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April 2020 - Newsletter #4

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Coronavirus Crisis Affects the Pharmaceutical Supply and How this Affects You

What is Causing the Disruption in the Worldwide Supply of Prescription Drugs?

People worldwide have stocked up on the prescription drugs they might need to ride out any supply disruptions during the coronavirus pandemic. Drug distributors in most countries had little opportunity to prepare for this increased demand on stock so there are currently disruptions in the prescription drug supply chain, and more so for drugs that are in high demand. As a result, wholesalers and manufacturers everywhere are rationing orders from pharmacies to help ensure there is supply for everyone.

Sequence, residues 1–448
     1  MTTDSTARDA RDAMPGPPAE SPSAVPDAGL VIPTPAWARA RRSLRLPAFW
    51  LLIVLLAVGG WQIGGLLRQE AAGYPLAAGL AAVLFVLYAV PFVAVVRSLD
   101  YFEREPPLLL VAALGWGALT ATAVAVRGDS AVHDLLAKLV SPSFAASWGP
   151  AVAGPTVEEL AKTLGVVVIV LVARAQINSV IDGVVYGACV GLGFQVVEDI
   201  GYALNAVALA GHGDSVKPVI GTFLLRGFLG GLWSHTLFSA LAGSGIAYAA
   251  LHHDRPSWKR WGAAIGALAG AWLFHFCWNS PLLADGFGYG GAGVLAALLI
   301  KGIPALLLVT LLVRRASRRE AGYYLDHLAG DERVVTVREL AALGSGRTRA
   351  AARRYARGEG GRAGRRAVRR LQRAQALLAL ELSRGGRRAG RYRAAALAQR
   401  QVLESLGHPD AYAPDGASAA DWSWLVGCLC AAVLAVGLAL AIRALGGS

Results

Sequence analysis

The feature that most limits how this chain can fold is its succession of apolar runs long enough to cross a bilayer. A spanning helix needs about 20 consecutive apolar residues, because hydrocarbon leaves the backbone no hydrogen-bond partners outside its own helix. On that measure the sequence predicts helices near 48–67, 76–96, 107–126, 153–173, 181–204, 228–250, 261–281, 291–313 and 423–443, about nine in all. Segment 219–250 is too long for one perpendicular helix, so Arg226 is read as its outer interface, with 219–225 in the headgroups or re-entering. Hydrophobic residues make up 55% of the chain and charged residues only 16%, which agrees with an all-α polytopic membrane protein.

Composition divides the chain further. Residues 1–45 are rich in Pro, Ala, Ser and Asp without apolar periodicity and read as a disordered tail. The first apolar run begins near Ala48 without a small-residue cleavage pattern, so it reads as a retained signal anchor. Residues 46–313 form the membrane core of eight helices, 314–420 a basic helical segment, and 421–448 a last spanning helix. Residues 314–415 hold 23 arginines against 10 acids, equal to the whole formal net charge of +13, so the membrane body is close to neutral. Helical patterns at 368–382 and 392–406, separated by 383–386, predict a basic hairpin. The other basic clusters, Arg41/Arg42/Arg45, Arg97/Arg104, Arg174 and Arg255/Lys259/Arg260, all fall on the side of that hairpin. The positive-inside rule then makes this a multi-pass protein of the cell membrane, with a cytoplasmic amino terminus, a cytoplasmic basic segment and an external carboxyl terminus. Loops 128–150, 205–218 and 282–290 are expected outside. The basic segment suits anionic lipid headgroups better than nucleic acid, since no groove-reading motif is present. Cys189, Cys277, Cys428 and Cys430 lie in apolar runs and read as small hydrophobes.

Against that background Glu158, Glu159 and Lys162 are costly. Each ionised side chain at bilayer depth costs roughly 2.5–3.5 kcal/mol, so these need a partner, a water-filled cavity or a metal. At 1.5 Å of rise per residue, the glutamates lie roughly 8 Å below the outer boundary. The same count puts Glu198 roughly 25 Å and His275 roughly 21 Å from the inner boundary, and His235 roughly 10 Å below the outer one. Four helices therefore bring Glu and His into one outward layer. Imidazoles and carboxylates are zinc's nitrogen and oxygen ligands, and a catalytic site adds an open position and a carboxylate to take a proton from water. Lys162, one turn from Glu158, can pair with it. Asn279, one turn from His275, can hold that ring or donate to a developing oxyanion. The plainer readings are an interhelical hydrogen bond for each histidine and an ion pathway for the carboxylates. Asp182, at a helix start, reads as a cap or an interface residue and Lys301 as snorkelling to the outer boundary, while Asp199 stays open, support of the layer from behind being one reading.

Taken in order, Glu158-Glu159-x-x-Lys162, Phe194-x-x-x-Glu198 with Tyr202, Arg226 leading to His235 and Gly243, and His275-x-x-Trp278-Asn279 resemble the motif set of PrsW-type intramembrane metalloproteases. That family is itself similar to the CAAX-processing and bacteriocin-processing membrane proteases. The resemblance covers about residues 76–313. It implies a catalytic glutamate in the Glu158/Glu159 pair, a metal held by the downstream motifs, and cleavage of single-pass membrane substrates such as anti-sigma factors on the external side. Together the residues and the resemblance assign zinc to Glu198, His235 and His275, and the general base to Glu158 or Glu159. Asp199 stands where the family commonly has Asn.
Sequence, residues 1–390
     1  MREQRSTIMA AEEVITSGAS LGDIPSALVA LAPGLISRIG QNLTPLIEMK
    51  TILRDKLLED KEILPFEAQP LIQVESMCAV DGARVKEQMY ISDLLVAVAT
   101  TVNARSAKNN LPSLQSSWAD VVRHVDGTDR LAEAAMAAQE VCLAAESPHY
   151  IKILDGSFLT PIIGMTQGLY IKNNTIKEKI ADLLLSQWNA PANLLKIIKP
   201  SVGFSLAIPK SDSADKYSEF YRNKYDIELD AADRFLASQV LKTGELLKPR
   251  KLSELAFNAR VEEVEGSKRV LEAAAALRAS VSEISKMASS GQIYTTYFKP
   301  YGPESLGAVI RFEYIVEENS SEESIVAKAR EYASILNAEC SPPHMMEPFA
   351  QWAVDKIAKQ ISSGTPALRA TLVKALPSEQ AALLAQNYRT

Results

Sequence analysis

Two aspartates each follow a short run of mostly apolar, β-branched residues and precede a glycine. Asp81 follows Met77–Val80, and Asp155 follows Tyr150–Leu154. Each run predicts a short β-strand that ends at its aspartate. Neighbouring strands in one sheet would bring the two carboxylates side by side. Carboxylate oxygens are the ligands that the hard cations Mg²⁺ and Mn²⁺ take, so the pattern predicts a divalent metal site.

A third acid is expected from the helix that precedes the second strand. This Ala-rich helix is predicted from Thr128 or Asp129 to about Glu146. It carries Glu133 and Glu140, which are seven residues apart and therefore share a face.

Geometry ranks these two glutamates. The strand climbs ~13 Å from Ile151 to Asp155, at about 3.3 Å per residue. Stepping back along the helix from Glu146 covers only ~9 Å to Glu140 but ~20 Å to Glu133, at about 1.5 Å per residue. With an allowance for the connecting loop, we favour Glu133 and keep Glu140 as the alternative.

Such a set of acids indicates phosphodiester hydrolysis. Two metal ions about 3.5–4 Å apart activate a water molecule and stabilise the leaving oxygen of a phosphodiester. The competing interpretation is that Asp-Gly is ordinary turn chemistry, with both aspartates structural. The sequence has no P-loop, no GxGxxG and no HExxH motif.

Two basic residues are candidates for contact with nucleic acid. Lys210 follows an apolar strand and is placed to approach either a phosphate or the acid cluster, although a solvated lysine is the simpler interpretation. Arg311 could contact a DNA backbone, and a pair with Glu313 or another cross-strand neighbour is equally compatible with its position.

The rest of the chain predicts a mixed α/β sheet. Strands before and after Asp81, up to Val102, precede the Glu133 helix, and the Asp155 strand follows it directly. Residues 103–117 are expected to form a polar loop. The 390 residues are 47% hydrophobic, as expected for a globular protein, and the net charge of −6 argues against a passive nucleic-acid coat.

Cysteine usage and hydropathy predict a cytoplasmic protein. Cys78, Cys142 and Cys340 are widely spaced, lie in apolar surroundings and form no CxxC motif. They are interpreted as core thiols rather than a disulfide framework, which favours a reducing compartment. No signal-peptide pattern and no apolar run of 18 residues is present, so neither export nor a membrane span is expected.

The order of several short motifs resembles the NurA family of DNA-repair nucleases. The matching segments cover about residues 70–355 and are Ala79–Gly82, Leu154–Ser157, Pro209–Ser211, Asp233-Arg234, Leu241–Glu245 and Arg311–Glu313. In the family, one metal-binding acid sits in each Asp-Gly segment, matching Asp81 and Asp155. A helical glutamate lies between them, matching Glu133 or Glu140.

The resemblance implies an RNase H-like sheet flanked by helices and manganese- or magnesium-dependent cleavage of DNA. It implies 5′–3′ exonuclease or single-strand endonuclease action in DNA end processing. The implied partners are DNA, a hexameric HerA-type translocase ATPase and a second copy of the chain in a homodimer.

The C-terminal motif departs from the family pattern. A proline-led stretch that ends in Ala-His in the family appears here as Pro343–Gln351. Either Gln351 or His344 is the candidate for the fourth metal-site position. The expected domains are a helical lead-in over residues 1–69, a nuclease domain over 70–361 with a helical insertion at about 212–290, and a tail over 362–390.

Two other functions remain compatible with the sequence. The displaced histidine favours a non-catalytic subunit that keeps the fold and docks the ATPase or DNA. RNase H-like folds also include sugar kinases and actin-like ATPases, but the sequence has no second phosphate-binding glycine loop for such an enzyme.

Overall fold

Drug supply shortages appear to be affecting pharmacies in the United States as well. One of the largest pharmaceutical wholesalers in the United States recently confirmed, "we are experiencing backorders and declining inventory levels at rates never experienced before," as reported in a recent CNBC article.

The Immediate-Term - Inventories Right Now

Our team has been leveraging its global network of trusted suppliers and has been working around the clock to obtain new inventory. These continuing efforts have been quite successful. Over the last two weeks and at this time, we are shipping 87% of orders within seven days and 95% of orders within 10 days of the order being placed and a prescription being received. While this might be very good under the current unprecedented circumstances, it is far from ordinary circumstances under which we typically ship more than 98% of orders within three days.